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MIT Develops Camera with 1 Trillion FPS

Posted on December 14, 2011
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You have heard of high-speed cameras, but MIT’s Media Lab has developed a camera that defies the speed limit. Their camera can capture images at 1 trillion frames per second! In fact, this camera is so fast, it can actually capture the movement of light particles.

As you can see in this image, it features a single photon of light traveling across a set of objects. This super high-speed camera consists of an array of 500 sensors, each triggered at a trillionth-of-a-second delay, which are housed in a rather large body. Despite its slow sensors, the camera can still manage to capture a fast movie.

In their trials, MIT uses a titanium-sapphire laser as the light source, which emits very short pulses. These pulses are then directed to a seam lined with mirrors. One major hindrance is that the camera can only see in one dimension. To fix that, another mirror rotates as the camera captures its subject so it can scan the whole field of view. All the images the camera took are then combined to create a single, ultra slow-motion movie.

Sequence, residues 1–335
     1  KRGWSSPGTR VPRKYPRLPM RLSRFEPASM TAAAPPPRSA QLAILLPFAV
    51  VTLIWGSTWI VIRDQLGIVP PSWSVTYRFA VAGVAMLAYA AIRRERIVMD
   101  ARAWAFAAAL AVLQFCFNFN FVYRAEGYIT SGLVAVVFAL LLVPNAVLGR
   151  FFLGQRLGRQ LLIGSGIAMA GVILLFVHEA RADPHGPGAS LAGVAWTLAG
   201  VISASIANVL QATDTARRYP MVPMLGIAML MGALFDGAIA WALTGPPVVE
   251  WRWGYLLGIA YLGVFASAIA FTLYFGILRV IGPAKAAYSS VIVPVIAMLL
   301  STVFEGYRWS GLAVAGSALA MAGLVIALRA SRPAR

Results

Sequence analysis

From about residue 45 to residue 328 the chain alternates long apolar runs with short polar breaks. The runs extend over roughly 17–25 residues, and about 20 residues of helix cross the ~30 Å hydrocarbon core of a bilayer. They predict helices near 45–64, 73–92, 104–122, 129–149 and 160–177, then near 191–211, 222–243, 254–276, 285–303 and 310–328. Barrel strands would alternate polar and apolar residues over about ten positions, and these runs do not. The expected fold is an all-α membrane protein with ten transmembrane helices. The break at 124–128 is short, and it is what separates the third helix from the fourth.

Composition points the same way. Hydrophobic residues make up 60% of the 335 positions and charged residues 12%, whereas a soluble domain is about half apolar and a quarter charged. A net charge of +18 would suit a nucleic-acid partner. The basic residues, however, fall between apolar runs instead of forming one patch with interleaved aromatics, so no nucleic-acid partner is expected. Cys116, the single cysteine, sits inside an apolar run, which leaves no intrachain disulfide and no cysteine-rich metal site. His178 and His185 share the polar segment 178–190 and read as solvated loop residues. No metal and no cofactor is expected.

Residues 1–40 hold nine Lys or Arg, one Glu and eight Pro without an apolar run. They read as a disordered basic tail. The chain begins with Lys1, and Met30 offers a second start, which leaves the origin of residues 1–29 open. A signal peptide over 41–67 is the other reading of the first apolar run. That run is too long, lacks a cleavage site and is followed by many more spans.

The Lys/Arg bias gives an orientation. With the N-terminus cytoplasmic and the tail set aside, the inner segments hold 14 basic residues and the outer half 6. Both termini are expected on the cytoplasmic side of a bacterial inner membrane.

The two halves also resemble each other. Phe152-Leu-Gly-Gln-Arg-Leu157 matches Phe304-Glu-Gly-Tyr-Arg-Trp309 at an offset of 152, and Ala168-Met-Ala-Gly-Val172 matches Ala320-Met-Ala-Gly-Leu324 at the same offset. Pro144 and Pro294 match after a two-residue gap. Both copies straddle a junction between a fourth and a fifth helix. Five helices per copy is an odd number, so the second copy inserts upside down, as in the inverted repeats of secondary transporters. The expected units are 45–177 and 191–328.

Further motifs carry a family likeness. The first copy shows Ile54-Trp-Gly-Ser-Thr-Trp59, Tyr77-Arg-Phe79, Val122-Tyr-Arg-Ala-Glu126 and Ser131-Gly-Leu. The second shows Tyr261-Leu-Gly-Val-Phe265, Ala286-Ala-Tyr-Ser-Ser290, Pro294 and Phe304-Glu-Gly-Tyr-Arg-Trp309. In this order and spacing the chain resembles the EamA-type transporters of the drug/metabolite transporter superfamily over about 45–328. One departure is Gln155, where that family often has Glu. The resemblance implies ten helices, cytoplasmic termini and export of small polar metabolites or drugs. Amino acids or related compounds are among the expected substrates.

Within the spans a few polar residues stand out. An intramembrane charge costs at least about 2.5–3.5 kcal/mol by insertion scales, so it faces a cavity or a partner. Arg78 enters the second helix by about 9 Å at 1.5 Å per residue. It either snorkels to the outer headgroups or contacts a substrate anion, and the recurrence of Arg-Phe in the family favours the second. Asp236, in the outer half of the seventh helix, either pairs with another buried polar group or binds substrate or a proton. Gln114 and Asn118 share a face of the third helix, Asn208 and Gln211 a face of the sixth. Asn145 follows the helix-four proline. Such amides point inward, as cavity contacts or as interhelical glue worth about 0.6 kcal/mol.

Ramesh Raskar, associate professor at MIT Media Lab, explains that such a camera can be used in medical and industrial uses, and eventually for consumer photography. He adds:

“In medical imaging, we can now do ultrasound with light, because we can analyze how light will scatter one-dimensionally inside the body. In industrial imaging, one can use the scattered light to analyze defects in materials. And in consumer photography, we are always fascinated with creating lighting effects that appear to come from very sophisticated sources. But because we can watch photon seemingly through the space, we can analyze the transport, the movement of these photons, and create new photographs as if we have created those expensive light sources in a studio.”

Check out the video and be amazed as we do.

Source: Chime.in

 
 

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